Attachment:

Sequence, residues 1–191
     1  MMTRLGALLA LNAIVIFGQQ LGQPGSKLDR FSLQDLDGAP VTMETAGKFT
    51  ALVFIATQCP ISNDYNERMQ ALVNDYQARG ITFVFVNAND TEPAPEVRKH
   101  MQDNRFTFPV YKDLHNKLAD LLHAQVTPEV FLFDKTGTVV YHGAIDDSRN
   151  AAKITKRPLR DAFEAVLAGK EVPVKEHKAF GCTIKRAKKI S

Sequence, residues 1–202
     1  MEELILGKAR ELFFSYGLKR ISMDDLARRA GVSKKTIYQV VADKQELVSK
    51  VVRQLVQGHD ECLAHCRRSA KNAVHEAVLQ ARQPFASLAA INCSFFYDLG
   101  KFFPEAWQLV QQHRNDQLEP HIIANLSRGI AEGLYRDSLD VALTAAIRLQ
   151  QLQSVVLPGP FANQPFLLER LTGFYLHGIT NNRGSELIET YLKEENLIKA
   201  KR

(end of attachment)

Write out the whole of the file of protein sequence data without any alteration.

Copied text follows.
Sequence, residues 1–191
     1  MMTRLGALLA LNAIVIFGQQ LGQPGSKLDR FSLQDLDGAP VTMETAGKFT
    51  ALVFIATQCP ISNDYNERMQ ALVNDYQARG ITFVFVNAND TEPAPEVRKH
   101  MQDNRFTFPV YKDLHNKLAD LLHAQVTPEV FLFDKTGTVV YHGAIDDSRN
   151  AAKITKRPLR DAFEAVLAGK EVPVKEHKAF GCTIKRAKKI S

Sequence, residues 1–202
     1  MEELILGKAR ELFFSYGLKR ISMDDLARRA GVSKKTIYQV VADKQELVSK
    51  VVRQLVQGHD ECLAHCRRSA KNAVHEAVLQ ARQPFASLAA INCSFFYDLG
   101  KFFPEAWQLV QQHRNDQLEP HIIANLSRGI AEGLYRDSLD VALTAAIRLQ
   151  QLQSVVLPGP FANQPFLLER LTGFYLHGIT NNRGSELIET YLKEENLIKA
   201  KR